Chicago Cubs Joe Maddon is NL Manager of the Year
The Chicago Cubs improved their record by 24 games from 2014 to 2015. That fact alone is worthy of great recognition. However, the Cubs also made the playoffs for the first time since 2008, ended the season with the third-best record in baseball, and did all this with a roster loaded with first-year players. Joe Maddon, the man guiding this young team through their turnaround season, was recognized for his efforts by being named the National League’s 2015 Manager of the Year.
This is the third time Maddon has brought home Manager of the Year honors, winning the honor twice while with the Tampa Bay Rays in the American League (in 2008 and 2011). In winning his third award, Maddon joins an elite group of just six other managers to have won the award three times, adding his name to a list that includes Lou Pinella, Dusty Baker, Jim Leyland, Buck Showalter, Tony LaRussa and Bobby Cox (LaRussa and Cox each won the award four times). Previous Cubs managers to win the award are Jim Frey (1984), Don Zimmer (1989) and Lou Pinella (2008).
This year, Maddon beat out Mike Matheny of the St Louis Cardinals and Terry Collins of the New York Mets. Maddon was the only manager named on all 30 ballots from the Baseball Writers Association of America–the organization who votes for the award. Maddon received 18 first-place votes. Matheny received 9 and Collins had 3.
Why did Maddon win it? What brought him such success?
From the very beginning of his time with the Cubs, Maddon expected his team to succeed. In Spring Training he introduced the Cubs to “Respect 90”–a slogan meant to inspire his players with a will to hustle and succeed. Maddon demonstrated a willingness to shift personnel if it meant more victories. He moved former All Star starting pitcher Travis Wood to the bullpen. Later in the season he benched All Star shortstop Starlin Castro, then reinstated him as a starter at second base. Several times Maddon inserted slugging infielders Anthony Rizzo and Kris Bryant in the number two slot in the line-up. He also regularly batted the starting pitcher in the eight slot to take pressure off rookie Addison Russell and put more hitters in front of Bryant and Rizzo.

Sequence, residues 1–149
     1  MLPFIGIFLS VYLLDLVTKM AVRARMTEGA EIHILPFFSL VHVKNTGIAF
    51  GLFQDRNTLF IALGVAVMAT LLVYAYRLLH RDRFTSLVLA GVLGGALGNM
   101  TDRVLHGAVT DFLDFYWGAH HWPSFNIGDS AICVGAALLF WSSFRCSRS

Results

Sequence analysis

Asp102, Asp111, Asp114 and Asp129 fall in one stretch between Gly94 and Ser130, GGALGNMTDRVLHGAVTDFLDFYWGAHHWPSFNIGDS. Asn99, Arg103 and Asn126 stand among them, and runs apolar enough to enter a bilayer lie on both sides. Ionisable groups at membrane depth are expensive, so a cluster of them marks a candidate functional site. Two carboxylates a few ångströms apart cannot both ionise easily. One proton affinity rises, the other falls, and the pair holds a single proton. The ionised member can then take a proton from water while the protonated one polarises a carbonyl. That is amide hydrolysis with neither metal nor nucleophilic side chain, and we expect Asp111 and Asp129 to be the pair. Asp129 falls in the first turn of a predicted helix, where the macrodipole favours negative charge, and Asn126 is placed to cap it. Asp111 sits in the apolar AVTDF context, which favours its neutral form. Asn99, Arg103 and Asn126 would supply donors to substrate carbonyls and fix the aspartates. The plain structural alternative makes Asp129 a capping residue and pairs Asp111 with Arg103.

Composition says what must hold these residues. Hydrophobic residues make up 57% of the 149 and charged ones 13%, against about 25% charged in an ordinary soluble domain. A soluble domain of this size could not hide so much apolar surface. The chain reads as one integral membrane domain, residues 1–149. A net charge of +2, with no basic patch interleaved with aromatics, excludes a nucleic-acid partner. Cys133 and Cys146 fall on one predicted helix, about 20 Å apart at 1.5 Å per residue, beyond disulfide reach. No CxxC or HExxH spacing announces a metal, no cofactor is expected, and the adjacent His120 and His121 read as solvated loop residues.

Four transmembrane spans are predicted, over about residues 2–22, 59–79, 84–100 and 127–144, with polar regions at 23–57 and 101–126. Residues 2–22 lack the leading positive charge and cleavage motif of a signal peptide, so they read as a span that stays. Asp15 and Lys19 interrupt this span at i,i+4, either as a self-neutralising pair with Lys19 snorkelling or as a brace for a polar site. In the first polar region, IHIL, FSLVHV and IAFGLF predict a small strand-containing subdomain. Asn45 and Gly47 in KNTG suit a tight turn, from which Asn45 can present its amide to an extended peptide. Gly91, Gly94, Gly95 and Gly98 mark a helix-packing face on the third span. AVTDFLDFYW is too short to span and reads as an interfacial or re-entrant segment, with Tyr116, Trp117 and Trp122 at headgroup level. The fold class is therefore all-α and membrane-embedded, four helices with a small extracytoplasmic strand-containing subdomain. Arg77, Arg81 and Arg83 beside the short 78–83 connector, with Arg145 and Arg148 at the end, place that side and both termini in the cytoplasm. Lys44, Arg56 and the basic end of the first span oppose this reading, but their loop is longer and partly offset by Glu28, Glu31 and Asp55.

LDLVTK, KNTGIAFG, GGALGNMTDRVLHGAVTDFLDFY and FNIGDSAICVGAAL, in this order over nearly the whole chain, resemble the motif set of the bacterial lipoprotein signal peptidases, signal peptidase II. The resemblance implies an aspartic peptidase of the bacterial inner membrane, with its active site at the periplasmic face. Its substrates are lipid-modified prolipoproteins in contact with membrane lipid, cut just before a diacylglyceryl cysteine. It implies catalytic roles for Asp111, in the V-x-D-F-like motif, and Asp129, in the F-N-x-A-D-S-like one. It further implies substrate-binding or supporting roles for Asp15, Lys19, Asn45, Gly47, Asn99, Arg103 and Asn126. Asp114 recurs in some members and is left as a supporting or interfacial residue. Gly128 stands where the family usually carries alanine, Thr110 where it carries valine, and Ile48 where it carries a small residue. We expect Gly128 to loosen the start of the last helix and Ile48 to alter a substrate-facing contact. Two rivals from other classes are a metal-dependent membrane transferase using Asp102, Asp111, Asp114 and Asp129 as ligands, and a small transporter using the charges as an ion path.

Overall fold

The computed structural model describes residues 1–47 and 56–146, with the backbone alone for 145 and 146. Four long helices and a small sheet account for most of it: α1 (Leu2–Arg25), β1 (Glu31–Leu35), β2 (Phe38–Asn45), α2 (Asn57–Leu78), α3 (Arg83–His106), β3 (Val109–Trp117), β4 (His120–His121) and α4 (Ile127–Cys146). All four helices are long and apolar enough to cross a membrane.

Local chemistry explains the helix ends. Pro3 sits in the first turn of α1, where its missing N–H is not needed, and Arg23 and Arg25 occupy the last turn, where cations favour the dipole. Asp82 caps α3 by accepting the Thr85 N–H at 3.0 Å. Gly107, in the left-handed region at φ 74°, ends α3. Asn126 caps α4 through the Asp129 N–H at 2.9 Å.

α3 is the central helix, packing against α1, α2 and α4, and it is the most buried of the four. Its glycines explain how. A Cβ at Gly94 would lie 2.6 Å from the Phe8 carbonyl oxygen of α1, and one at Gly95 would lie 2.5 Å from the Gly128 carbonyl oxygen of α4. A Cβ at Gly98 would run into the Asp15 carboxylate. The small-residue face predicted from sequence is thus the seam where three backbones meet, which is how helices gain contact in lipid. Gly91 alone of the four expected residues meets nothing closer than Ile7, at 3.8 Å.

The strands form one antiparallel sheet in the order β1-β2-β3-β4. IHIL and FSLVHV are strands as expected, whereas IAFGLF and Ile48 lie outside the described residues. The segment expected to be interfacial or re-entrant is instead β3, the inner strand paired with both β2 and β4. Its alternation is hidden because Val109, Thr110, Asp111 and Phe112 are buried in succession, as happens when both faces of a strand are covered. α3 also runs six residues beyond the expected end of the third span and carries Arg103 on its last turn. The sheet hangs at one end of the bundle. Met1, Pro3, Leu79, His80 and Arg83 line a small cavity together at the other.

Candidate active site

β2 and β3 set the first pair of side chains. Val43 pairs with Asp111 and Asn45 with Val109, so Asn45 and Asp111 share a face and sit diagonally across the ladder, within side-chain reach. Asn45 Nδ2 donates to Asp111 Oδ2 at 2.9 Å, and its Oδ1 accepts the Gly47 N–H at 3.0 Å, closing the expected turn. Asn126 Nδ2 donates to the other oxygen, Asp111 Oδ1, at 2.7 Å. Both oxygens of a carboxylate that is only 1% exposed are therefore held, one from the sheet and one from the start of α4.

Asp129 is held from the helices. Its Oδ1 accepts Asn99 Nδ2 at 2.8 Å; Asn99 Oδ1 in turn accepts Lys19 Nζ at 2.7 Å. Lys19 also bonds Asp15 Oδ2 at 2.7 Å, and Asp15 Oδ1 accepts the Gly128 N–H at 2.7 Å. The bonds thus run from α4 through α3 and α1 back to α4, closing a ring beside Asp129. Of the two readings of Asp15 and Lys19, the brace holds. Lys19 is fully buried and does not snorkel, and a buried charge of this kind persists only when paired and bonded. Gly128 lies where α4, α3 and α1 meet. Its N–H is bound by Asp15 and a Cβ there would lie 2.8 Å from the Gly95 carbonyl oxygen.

Winning is the ultimate morale booster, and Maddon did whatever he could to insure the Cubs kept to their winning ways. When wins were hard to come by, he found clever ways to keep his team loose and their spirits high. He hired a magician to work magic on the Cubs after losing five straight games. The team responded with a win over the Mets. Later he supplied for a little fun on a red-eye flight by calling the team to have a “onesie” trip where players wore pajamas. During the waning days of the season, Maddon treated his players and their families to a petting zoo.
Maddon is a master of vibe. He inspires good vibes–and good vibes tend to bring good results on the field. The vibes Maddon inspired in the young Cubs brought great success. And for that Maddon has received some well-deserved recognition. Congrats, Joe.